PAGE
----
+ UF and CFAS begin collaboration on building
A collaboration between local architects and University of Florida students Tuesday kicked off the Center for Architecture Sarasota’s first day in its location on Orange Avenue.
UF students, members of CFAS and local architects met to discuss the future of the historic Scott Building.
CFAS and the University of Florida plan to use the building for community and educational purposes. The building will be divided into two spaces. The north side of the building will be transformed into a workspace for The University of Florida’s Masters in Architecture’s new City Lab–Sarasota program; CFAS will use the other space to educate the community on architecture through films, events and lecture series.
“This project will raise the profile and interest of architecture along with the education aspect of it,” says Sarasota architect Damien Blumetti, who works with Guy Peterson.
The University of Florida’s Masters in Architecture’s City Lab-Sarasota is a hands-on architectural program based out of Sarasota.
“The program will facilitate dialogue,” says Director of the School of Architecture Martin Gold. “It is both conceptual and visionary.”
Students will learn the practicalities of building in cities, such as Sarasota, by attending city meetings and talking with the community, as well as practicing design work.
“We’re trying to bring more of the current problems and issues today’s architectures in communities deal with,” says Gold. CFAS hopes to start construction in April. UF students will work closely with architects and CFAS in redesigning the building. City Lab–Sarasota classes will begin in August.
+ Commission OKs first phase of work at lift station
The Sarasota City Commission unanimously approved the first phase of work from the new engineering firm in charge of constructing Lift Station 87, directing the group to begin engineering and designing the project’s completion.
Representatives from McKim and Creed outlined their initial recommendations for finishing the oft-delayed project. Robert Garland, the project manager and vice president with McKim and Creed, said he was confident the group could successfully complete the work at Lift Station 87, located in Luke Wood Park at 1900 Mound St. The targeted completion date is November 2015.
During Tuesday’s meeting, officials estimated the remaining project costs could total somewhere around $9 million, although they said that price was fluid. In total, the work at Lift Station 87 is projected to be roughly $21 million, nearly $9 million more than the original $12.4 million budget. Commissioners were upset by the price total, but were resigned to accept it as a sunk cost.
The previous engineering firm was fired for its inability to microtunnel beneath the Hudson Bayou, but Garland said McKim and Creed has conducted research that will ensure the process is not problematic.
Mayor Shannon Snyder bemoaned the ballooning costs, but said he was glad someone detected the flaws in the earlier plans before the situation got even worse.
+ County plans parking fix for North Shell Road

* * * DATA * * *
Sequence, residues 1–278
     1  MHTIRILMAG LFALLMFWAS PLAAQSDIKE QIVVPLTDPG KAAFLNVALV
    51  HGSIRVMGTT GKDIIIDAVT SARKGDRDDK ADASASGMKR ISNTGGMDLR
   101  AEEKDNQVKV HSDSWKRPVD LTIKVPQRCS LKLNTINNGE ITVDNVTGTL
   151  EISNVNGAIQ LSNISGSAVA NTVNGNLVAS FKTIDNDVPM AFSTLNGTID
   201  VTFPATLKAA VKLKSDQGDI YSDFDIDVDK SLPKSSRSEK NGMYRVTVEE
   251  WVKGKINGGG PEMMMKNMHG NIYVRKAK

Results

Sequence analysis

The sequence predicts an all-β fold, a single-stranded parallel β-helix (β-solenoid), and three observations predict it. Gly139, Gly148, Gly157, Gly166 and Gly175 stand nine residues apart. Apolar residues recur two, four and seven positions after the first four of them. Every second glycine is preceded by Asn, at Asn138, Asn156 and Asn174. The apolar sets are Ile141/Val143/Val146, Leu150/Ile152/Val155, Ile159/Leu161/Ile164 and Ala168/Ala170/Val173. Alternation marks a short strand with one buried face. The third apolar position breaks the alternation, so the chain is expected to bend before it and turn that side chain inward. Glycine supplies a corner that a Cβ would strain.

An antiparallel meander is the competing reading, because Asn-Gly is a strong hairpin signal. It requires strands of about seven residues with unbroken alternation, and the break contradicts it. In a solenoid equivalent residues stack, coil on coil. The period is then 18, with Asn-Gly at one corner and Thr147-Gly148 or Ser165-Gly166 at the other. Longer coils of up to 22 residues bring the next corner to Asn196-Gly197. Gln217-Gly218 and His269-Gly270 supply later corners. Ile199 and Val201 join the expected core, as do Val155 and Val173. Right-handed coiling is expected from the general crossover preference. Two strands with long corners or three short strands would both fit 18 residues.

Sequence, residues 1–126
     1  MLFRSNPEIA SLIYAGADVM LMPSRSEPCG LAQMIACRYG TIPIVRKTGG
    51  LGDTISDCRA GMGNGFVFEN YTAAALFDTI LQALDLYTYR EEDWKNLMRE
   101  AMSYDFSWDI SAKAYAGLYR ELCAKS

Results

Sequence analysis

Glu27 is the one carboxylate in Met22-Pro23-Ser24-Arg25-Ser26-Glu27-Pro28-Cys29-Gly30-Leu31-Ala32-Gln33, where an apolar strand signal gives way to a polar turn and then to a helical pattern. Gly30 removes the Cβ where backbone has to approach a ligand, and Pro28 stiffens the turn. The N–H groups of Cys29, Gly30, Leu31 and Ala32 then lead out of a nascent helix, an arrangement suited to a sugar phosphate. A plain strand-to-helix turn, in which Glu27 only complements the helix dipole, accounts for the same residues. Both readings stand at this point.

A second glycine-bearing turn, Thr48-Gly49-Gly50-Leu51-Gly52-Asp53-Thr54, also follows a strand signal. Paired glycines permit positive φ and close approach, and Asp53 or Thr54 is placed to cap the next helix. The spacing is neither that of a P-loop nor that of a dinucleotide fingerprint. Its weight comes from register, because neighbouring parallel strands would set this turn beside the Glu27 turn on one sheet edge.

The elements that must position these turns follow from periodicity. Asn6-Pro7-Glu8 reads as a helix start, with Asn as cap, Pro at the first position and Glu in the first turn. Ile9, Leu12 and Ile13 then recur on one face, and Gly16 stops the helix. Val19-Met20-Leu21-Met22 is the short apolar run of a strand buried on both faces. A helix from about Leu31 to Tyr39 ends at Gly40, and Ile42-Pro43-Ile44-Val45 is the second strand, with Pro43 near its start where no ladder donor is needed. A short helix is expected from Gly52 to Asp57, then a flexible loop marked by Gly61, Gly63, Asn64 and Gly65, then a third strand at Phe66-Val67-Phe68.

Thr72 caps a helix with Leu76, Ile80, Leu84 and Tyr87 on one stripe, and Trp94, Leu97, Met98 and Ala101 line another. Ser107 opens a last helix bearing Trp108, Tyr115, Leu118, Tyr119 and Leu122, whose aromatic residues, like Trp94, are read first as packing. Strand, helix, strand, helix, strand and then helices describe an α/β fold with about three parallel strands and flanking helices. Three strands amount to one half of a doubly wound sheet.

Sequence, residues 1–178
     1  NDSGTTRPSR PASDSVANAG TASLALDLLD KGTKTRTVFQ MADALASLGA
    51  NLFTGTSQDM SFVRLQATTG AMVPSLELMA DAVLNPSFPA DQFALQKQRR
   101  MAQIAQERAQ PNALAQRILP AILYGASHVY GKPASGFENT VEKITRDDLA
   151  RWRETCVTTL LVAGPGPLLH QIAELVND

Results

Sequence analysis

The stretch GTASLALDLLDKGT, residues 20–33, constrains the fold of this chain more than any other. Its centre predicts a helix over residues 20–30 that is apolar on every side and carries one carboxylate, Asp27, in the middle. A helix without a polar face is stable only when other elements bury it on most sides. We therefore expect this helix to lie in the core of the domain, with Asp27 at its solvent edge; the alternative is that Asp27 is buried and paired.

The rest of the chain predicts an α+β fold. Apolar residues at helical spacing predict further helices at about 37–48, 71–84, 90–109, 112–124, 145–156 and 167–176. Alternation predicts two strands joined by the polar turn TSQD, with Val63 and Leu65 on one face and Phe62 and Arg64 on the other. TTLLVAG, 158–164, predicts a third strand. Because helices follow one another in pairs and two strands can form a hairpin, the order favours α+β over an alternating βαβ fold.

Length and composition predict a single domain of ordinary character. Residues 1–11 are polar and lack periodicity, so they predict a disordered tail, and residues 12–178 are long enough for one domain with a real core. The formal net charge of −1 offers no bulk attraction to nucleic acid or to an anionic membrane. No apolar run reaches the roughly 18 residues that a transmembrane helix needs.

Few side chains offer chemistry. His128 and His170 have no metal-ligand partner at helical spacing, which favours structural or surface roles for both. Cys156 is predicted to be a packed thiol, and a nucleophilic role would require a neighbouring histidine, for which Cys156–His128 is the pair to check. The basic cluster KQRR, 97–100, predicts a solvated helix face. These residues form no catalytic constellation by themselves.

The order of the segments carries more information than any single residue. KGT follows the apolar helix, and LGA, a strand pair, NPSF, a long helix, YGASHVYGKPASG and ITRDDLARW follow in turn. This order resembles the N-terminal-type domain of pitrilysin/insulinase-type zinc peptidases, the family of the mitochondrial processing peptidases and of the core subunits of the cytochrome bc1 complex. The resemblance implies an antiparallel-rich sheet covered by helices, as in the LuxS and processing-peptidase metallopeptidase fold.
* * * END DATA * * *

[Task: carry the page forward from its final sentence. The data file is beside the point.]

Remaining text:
On Tuesday, Sarasota County staff presented variations of plans to add at least 11 parking spaces to Shell Road on Siesta Key during a meeting at resident Chuck McGovern’s home at the end of Shell Road. McGovern said residents were not ready to endorse any specific plan, but praised the county for working with property owners.
Both plans aim to carve out portions of the right of way for public parking along the road, which is also the first public beach access. One plan calls for 11 news spaces while the other outlines 18 spaces.
Sarasota County Neighborhood Services Manager Jane Grogg said residents still had concerns about the proposed number and location of parking spaces.
Staff anticipates the project to cost $25,000, according to a Jan. 15 email from County Engineer Jim Harriott.
During Tuesday's meeting Commissioners also:
• Approved the purchase of a new records management and dispatch system for the Sarasota Police Department, a cost of about $850,000. Commissioners had rejected the same proposal at an Oct. 21 meeting, but praised the department for returning with a more thorough presentation. A majority of the commission said earlier concerns about SPD’s ability to share data with other local law enforcement agencies had dissipated.
• Discussed the long-term operational funding of a potential regional homeless shelter located in the city of Sarasota, with Vice Mayor Willie Shaw expressing a concern about the city bearing an undue financial burden. Deputy City Manager Marlon Brown said staff would reach out to homeless consultant Robert Marbut to discuss any concerns commissioners had.
• Passed an ordinance that created a permitting process for pain management clinics and instituted other guidelines to better regulate the operation of those establishments.
Meetings & agendas
The Casey Key Association will hold its annual meeting at 5:30 p.m., Jan. 27, at Bentley’s Boutique Hotel, 1660 S. Tamiami Trail, Osprey.
The Sarasota County Commission will hold meetings at 9 a.m. Jan. 28 and Jan. 29, at the Sarasota County Administration Center, 1660 Ringling Blvd., Sarasota.
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21 Decision-Making Made Easy
11:30 am - 1:30 pm
21 Nia with Gail in Sarasota
4:45 pm - 5:45 pm
24 Sarasota Christian School Open House
9:00 am - 10:30 am
26 Sarasota Heat Golf Tournament
Temple Beth Sholom’s youth group celebrated Passover with a Chocolate Seder Sunday, April 13.
Members of the Sarasota Seminole Club worked with Habitat for Humanity of Sarasota as part of Florida State University’s Seminole Service Day.
Piero Rivolta and his wife, Rachele, opened their home to the Pines of Sarasota March 26.